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Updated on October 13, 2021
I Lived in the Amazon Jungle For a Month: Here Are 7 Things I Learned
In September of 2019, I was in the heart of the Amazon Jungle living with the Yawanawa Indians…
For over a month, I lived in a community that had zero connection to the “outside world”. WiFi doesn’t exist where these people live.
As you may know, I’ve always been fascinated with ancestral health. I’m interested in what they ate, how they moved, and how they lived.
The more I go down this path, the more I seem to discover about myself. I felt called to learn from people living in a more native way.
During my time there, I received countless lessons about community, leadership, and my own personal purpose.
As I went through a very sacred rite of passage, I found myself becoming a student of their tribe, elders, and way of life. One year later, I’m still unpacking everything I witnessed.
As I look back, I find that those who taught me the most lessons were the children.
When I first arrived in that dense, damp jungle, I immediately noticed how well they moved…
The physical therapist in me couldn’t help but applaud the perfect positions and movement patterns when they walked, bent over, squatted, pressed, pulled, or carried something.
I saw children holding other children in their arms. I saw an 8-year-old boy climb a 100-foot tree. I saw them stacking heavy loads over their head and walking barefoot.
But as I looked closer, I realized that I wasn’t just seeing good human movement…
I was seeing children—5-year-old children—take responsibility.
You see, in a tribe, everyone has to work together. Things aren’t done for you. And the children pick this up at a very early age.
If you don’t want jungle bugs to bite you, you rake the leaves away from your hut.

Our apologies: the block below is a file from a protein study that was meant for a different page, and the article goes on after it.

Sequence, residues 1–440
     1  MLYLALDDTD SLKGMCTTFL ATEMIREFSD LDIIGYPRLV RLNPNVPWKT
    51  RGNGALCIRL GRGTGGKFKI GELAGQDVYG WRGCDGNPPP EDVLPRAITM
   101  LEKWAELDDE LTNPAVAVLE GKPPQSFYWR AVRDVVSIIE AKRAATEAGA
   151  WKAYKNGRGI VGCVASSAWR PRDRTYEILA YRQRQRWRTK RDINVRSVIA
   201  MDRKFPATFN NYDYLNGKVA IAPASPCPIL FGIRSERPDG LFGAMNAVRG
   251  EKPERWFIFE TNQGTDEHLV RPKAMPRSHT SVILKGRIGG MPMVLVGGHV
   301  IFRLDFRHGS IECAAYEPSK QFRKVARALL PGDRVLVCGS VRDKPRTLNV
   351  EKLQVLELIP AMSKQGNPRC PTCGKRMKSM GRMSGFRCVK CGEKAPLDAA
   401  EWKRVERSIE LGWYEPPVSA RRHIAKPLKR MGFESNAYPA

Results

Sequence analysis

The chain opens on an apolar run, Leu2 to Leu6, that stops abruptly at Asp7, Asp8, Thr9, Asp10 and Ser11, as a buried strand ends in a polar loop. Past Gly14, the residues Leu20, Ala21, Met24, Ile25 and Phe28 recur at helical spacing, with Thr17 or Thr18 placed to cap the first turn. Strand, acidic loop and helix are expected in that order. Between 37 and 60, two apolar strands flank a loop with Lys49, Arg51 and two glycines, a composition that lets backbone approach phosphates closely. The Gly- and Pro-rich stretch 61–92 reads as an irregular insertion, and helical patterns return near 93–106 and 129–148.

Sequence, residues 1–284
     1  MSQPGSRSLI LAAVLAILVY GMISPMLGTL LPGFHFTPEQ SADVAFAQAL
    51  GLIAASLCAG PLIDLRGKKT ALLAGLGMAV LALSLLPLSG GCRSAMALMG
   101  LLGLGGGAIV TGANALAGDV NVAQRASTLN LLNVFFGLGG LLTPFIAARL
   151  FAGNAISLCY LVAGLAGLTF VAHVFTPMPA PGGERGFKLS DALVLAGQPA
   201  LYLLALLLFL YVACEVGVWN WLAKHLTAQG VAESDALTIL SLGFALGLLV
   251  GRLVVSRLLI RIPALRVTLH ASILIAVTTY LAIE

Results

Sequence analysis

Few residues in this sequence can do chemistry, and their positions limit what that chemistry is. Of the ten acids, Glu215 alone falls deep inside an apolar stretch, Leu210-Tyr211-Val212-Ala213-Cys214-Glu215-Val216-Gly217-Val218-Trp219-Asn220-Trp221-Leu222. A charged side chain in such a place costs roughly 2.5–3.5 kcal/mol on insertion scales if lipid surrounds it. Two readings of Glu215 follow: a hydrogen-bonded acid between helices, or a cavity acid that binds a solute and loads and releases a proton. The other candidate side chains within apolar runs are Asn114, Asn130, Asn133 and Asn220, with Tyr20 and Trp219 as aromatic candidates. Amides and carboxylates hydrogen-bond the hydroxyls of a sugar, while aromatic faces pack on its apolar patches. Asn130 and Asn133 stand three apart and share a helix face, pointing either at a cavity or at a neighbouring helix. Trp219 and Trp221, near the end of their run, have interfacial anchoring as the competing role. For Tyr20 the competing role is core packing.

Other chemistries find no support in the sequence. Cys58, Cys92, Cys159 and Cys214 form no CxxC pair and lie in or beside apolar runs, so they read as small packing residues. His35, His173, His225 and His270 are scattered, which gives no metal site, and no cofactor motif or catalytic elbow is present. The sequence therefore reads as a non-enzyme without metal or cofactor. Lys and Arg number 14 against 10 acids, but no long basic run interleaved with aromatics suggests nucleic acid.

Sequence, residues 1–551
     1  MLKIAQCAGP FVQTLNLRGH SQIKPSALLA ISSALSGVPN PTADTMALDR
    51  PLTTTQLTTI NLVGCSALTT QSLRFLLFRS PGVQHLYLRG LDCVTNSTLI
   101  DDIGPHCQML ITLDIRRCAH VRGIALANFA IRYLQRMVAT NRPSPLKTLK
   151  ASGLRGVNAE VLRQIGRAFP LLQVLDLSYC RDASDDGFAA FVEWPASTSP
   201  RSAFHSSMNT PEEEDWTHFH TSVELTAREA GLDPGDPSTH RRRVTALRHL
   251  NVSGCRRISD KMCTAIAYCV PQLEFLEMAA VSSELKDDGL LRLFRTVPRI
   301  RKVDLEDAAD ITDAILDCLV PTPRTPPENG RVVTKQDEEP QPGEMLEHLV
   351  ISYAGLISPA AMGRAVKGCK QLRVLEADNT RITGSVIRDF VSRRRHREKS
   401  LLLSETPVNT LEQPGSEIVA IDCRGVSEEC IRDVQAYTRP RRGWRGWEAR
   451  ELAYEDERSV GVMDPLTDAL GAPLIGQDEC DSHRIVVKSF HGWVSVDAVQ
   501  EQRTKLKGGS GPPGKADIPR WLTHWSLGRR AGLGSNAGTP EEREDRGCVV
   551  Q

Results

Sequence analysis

If you want some berries, you go climb a tree.
If you’re hungry, you go hunting.
If you’re cold, you make a fire.
Every single day, you’re responsible for washing your clothes. Cleaning your hut. Chopping wood. Carrying water.
Here’s what I found to be so profound: They did these very simple tasks with smiles on their faces.
They were working together—sharing, laughing, and high-fiving one another. They played with long sticks in the river and sang songs while preparing dinner.
Not once did I hear a child cry with a temper tantrum. Not once did I see them fighting with each other. Not once did I hear them complain about chores...
They did everything with joy and enthusiasm.
As I marveled at these children, I began to survey the adults of the tribe—wondering, “Who will these Amazonian children grow up to be?”
The men in the tribe were incredibly brave. I saw three of them go hunting in the rainy jungle with nothing more than a shotgun, machete, and a flashlight. They returned the next morning with food for everyone. They spoke with courage and authenticity.
The women would dance and sing with a tone that seemed to pierce through space. I cried so many tears of gratitude listening to their songs around a campfire. So many stories were told.
And with each story and song…
I discovered more and more about myself.
The Pitfalls of a Modern Culture
Like you, I come from a modern culture…